Host Natália da Silva Perez talks to guests about privacy from a historical perspective. Invited scholars come from a range of disciplines beyond history, including law, social and computer sciences, and philosophy. Lectures and seminars from the Centre for Privacy Studies are also featured in this show.
Financial Accountability in France during the Reign of Louis XIV - Interview with Jacob Soll
Jacob Soll is Professor of Philosophy, History and Accounting at the University of Southern California. In this episode recorded in the summer of 2020, we talk about financial auditing practices, state secrets, and tensions between state transparency and state security during the old regime. Check out two of his books that focus on these topics: The Reckoning: Financial Accountability and the Rise and Fall of Nations (2014), and The Information Master (2009).
Sex in an Old Regime City - Interview with Julie Hardwick
Julie Hardwick (University of Texas at Austin) talks about her newest book Sex in an Old Regime City: Young Workers and Intimacy in France 1660 - 1789, which came out with Oxford University Press in September 2020. In the book, she focuses on intimacy among young workers who lived in the urban environment of early modern Lyon, and makes extensive use of archival material to examine a topic highly relevant for privacy studies.
Private Rights and the Common Good in Late Scholastic Thought
James Gordley argues that, in the writings of the late scholastics, private rights and the common good were in harmony, but modern liberalism disrupted this harmony. In his lecture, he explains how these ideas fit together.
Lutheran Theology and Contract Law in Early Modern Germany
Paolo Astorri, winner of the RefoRC Book Award 2020 for his book Lutheran Theology and Contract Law in Early Modern Germany, talks about the influence of theological ideas in the development of contract theory in 16th century Germany. In this interview, we cover how ideas by Reformers Martin Luther and Philip Melanchton were expanded, developed, and sometimes even distorted by theologians and jurists that came in their wake.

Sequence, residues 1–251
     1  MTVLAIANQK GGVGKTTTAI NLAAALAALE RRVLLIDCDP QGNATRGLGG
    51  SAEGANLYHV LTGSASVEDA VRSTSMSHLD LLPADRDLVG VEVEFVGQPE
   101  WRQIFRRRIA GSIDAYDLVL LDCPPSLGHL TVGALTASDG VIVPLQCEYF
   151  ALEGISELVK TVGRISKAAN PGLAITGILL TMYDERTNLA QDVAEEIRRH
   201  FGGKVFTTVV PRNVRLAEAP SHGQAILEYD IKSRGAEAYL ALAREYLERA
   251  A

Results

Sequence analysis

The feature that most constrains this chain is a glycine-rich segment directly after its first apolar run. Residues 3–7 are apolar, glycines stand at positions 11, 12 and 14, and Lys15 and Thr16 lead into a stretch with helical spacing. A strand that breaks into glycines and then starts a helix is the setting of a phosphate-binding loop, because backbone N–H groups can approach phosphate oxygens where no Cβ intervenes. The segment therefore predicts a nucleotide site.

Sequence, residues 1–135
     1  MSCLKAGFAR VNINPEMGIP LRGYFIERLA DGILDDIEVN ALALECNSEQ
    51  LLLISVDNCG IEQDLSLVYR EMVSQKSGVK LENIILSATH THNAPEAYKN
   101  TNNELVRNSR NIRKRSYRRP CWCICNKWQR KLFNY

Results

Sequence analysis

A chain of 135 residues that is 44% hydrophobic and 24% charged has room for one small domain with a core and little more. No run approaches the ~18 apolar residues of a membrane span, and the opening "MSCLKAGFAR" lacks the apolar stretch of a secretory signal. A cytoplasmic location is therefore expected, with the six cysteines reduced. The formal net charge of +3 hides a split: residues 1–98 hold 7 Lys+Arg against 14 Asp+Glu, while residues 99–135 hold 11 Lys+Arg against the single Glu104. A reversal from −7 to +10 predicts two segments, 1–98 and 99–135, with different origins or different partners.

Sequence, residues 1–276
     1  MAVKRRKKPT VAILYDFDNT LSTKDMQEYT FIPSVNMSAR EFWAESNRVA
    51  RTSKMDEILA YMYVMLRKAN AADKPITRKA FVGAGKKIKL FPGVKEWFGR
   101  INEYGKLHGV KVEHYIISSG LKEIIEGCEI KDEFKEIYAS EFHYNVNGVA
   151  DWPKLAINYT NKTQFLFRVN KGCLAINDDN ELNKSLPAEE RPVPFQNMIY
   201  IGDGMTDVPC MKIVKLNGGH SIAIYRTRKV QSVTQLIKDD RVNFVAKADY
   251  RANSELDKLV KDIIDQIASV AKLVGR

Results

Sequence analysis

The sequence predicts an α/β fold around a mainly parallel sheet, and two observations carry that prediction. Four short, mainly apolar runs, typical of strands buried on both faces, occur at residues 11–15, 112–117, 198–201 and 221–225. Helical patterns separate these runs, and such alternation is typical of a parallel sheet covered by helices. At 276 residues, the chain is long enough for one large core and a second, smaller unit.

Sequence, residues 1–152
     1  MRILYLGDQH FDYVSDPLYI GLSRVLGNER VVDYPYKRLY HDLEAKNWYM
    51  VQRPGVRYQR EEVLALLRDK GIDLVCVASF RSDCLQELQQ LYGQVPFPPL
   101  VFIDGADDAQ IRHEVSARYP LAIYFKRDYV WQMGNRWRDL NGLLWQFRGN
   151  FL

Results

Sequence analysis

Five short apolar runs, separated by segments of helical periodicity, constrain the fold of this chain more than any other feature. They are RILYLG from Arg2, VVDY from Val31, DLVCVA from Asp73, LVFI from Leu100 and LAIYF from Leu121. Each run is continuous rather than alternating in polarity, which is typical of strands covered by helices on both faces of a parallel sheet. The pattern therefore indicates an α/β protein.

Locating the Private in the Roman World
Andrew Riggsby gives a talk titled "Locating the Private in the Roman World." He explains that, despite their common use of explicit terms for “private” (and “public”), the ancient Romans did little to theorize those categories. In his talk, Andrew supplies such a theoretical account and points out ways in which the “private” was used as a tool of social control. Drawing from examples from the realms of domestic space and of financial regulation, he attends especially to gendered aspects of this control.
Locating the Cubiculum: Early Christian musings on the Place of Prayer
Mette Birkedal Bruun takes about the Gospel of Matthew, which presents Jesus introducing the Lord's Prayer with an injunction to enter into the chamber and close the door so as to pray in secret (Mt 6.6). For early Christian authors, this command elicited a series of questions: How to reconcile the entry into the chamber with the command to pray everywhere (cf 1 Tim 2)? Where and what is this chamber – not to mention its door? How are praying persons to comport themselves in the chamber under God's watchful eye? In this talk, Mette discusses third- and fourth-century expositions of Mt 6.6 and ponder their place in privacy studies.
Informative and Engaging
Such a fascinating topic and approach, Dr de Silva Perez does a fantastic job of engaging with the guests to discuss their research and their approaches to notions of privacy. This podcast has already inspired new insights and highlight further avenues to explore!